On April 15, 2015, the Payment Card Industry Security Standards Council (PCI-SSC) updated the PCI Data Security Standard (PCI-DSS) from version 3.0 to version 3.1. The new version is effective immediately. PCI DSS Version 3.0 will be retired on June 30, 2015. A summary of the changes, along with the updated standard, can be found on the PCI-SSC website.
PCI DSS 3.1 updates requirements to remove SSL (a cryptographic protocol designed to provide secure communications over a computer network) and early Transport Layer Security (TLS) as examples of strong cryptography. SSL and early TLS cannot be used as security controls to protect payment data after June 30 2016. Prior to this date, existing implementations that use SSL and/or early TLS must have a formal risk mitigation and migration plan in place. Effective immediately, new implementations must not use SSL or early TLS. Point-of-sale (POS)/Point-of-interaction (POI) terminals (devices such as magnetic card readers or chip card readers that enable a consumer to make a purchase) that can be verified as not being susceptible to all known exploits for SSL and early TLS may continue using these protocols as a security control after June 30 2016.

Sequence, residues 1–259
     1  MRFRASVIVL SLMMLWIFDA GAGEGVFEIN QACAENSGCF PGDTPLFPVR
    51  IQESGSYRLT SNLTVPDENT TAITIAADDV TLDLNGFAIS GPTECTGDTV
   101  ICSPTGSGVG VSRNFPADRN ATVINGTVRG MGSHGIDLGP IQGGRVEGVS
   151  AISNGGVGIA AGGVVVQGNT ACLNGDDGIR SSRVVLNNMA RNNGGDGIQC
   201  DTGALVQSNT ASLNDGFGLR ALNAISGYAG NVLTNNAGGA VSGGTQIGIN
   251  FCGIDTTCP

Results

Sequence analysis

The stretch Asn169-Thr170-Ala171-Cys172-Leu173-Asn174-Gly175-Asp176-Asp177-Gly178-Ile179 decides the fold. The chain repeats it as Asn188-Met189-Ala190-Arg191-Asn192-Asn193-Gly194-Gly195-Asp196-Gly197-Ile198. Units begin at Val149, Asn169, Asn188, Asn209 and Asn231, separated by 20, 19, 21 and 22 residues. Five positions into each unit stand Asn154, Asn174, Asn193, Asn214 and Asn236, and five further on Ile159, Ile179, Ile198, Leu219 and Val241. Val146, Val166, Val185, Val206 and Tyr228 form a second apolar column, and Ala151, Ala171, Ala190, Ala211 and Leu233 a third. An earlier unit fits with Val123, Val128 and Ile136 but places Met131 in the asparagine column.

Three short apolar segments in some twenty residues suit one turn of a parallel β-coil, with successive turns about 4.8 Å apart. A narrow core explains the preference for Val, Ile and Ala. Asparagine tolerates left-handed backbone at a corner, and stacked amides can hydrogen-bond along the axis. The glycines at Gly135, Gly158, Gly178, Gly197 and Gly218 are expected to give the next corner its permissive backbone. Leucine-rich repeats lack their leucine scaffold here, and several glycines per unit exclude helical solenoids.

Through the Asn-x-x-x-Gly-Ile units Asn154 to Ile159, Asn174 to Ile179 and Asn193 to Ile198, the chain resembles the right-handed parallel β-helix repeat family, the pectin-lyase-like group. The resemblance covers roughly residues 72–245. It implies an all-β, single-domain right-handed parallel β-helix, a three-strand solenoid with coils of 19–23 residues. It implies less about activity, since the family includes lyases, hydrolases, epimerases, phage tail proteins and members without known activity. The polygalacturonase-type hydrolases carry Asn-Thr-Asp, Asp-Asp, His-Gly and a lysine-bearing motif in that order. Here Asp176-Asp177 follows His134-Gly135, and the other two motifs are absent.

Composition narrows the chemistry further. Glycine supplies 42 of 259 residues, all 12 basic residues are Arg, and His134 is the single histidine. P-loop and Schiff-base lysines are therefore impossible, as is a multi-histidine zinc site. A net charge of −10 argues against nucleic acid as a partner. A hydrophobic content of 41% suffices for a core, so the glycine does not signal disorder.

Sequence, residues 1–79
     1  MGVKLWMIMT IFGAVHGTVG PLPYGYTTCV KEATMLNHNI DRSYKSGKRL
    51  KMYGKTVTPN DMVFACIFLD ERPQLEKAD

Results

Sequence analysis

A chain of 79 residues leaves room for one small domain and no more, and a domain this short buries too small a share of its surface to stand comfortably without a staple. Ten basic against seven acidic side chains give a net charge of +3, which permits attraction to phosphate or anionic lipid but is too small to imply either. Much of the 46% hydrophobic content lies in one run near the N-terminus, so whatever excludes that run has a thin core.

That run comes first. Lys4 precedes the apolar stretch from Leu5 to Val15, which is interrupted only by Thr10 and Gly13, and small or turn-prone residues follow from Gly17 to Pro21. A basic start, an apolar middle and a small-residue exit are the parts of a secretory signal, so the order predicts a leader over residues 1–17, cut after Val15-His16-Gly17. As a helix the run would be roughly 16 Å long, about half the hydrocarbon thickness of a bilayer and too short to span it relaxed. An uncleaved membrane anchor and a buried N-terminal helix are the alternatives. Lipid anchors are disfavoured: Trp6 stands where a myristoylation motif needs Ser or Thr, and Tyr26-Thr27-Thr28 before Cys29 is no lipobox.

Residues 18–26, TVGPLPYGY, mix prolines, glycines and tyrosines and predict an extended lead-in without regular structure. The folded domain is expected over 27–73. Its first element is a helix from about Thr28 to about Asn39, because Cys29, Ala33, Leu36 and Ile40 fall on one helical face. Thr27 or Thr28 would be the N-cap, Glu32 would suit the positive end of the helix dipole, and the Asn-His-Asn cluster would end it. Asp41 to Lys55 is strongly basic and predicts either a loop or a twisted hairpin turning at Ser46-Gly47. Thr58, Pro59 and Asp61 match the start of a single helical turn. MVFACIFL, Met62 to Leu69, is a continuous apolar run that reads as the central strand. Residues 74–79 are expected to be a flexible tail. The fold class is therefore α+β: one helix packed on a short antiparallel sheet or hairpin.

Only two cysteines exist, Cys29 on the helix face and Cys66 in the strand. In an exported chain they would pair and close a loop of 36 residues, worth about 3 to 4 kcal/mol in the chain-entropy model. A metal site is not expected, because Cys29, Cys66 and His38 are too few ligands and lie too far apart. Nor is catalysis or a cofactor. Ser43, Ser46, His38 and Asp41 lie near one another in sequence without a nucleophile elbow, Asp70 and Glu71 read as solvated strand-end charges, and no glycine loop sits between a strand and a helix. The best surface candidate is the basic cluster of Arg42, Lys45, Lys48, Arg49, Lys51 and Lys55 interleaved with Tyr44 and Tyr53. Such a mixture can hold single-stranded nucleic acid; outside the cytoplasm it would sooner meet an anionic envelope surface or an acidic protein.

The updates to PCI DSS were made after the National Institute of Standards and Technology (NIST) identified SSL as not being acceptable for the protection of data due to inherent weaknesses within the protocol. Upgrading to a current version of TLS will remediate these vulnerabilities, which have been exploited by browser attacks such as POODLE and BEAST.
“With PCI DSS 3.1 and supporting guidance we are arming organizations with a pragmatic, risk-based approach to addressing the vulnerabilities within the SSL protocol that can put payment data at risk,” said PCI SSC General Manager Stephen W. Orfei. Additional updates to the standard include additional guidance in introductory sections and guidance column and updates to specific testing procedures to align testing objectives with requirements.